Everett’s population growth rate is expected to nearly quadruple by 2044. New light rail stations will strengthen the city’s connection to King County and the surrounding areas. But there are other forces driving Everett’s future growth, said city planning director Yorik Stevens-Wajda.
“I won’t hang my hat on light rail being the only reason that I see a lot of potential for growth and development and success in Everett,” he said. “We’ve also had the beginning of commercial airplane service at Paine Field, and we’ve done a number of planning efforts.”
He pointed to the housing action plan Everett adopted in 2021. The plan aims to bolster housing variety and urban development, encouraging accessory dwelling units, corner duplexes, townhouses and courtyard apartments.
The past year or so has already been encouraging, as several new apartment buildings have popped up in the city.
3. ‘Core cities’ Lynnwood and Bothell may shoulder 12% of county growth
Lynnwood and Snohomish County’s share of Bothell, considered together as “core cities” in new growth targets, are slated to absorb 12% of the county’s new population and 18% of its employment growth.
The targets found that by 2044, the cities won’t have capacity for over 10,000 people and jobs. They’ll have to figure out how to make room.
Light rail isn’t planned for Bothell, but expanded bus rapid transit will serve the city’s Canyon Park. Bothell community development director Mike Kattermann said the regional growth center is already seeing significant employment gains.
He said Canyon Park recently gained thousands of jobs without increasing its physical footprint.
Kattermann serves on Snohomish County Tomorrow, the body that spearheaded the growth targets. He attributed some of those new jobs to expanded remote work during the pandemic.
Lynnwood, he added, is expecting more family-wage jobs in the future. Incoming light rail is already driving new development.
4. Targets come with uncertainty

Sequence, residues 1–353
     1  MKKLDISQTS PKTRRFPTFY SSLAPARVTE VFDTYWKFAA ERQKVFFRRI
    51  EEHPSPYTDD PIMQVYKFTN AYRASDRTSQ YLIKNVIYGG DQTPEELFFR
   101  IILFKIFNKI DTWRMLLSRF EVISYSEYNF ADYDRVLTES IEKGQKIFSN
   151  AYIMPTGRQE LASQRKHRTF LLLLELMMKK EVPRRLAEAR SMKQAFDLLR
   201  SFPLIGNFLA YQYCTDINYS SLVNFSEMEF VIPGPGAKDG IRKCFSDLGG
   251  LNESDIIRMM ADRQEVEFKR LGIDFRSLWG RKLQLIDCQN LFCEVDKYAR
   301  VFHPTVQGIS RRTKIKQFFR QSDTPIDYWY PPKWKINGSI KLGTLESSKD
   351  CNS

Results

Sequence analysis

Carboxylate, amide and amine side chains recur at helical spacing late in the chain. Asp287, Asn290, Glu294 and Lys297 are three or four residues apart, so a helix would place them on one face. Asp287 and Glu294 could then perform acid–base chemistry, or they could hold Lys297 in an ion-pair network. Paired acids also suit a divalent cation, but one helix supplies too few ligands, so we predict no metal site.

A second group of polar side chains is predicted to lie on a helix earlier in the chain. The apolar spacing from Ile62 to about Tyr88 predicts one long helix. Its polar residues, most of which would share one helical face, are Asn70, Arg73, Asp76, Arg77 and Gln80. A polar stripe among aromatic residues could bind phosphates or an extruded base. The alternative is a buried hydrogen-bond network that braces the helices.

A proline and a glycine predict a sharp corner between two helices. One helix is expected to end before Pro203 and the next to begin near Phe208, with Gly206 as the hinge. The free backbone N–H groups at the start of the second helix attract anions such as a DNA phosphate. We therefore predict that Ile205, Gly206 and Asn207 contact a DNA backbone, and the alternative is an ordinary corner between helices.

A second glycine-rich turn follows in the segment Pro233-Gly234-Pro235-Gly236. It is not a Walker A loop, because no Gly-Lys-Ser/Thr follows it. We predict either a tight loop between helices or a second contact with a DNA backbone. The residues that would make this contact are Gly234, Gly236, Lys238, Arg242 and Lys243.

The 2044 growth targets were devised with input from across the county. They serve as a backbone for the comprehensive plan update. But there’s some uncertainty baked into them.
Updated growth projections from the state Office of Financial Management won’t come out until later this year, offering a better look into how the pandemic may impact the county going forward.
A memo to county councilmembers said the pandemic likely increased population and employment growth beyond what was expected under its last comprehensive plan.
However, “it is still too soon to confidently distinguish between the temporary effects of Covid and long-term changes on many issues,” it said.
And there’s plenty of time for new transportation investments, development regulations and other data to crop up before 2024, when the county will officially update its long-term plan. A reconciliation process can take place after that to adjust growth targets.
The county also still faces questions on how it might curb growth in towns where development could exceed modest targets. Overall, the county aims to reduce the rate of population growth in rural areas.
The city of Sultan, Toy said, has permit applications already in the pipeline that, if approved, would represent 84% of its 2044 growth target.
One fix officials may have to consider, he said, is a moratorium on new development permits.
Claudia Yaw: 425-339-3449; firstname.lastname@example.org. Twitter: @yawclaudia.